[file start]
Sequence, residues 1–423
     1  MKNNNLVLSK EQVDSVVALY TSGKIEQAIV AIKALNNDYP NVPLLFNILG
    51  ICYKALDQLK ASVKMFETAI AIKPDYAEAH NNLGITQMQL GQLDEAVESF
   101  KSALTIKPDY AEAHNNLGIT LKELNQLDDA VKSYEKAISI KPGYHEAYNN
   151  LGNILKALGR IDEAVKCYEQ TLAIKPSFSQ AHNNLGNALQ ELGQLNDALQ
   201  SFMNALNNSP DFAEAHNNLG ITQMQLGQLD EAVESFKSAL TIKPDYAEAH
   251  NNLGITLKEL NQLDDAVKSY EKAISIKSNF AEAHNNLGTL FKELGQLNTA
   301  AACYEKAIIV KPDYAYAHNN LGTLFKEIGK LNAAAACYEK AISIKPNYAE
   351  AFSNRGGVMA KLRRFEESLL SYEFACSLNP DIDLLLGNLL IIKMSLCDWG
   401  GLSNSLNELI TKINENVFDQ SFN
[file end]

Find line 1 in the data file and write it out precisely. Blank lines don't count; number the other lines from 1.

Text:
Sequence, residues 1–423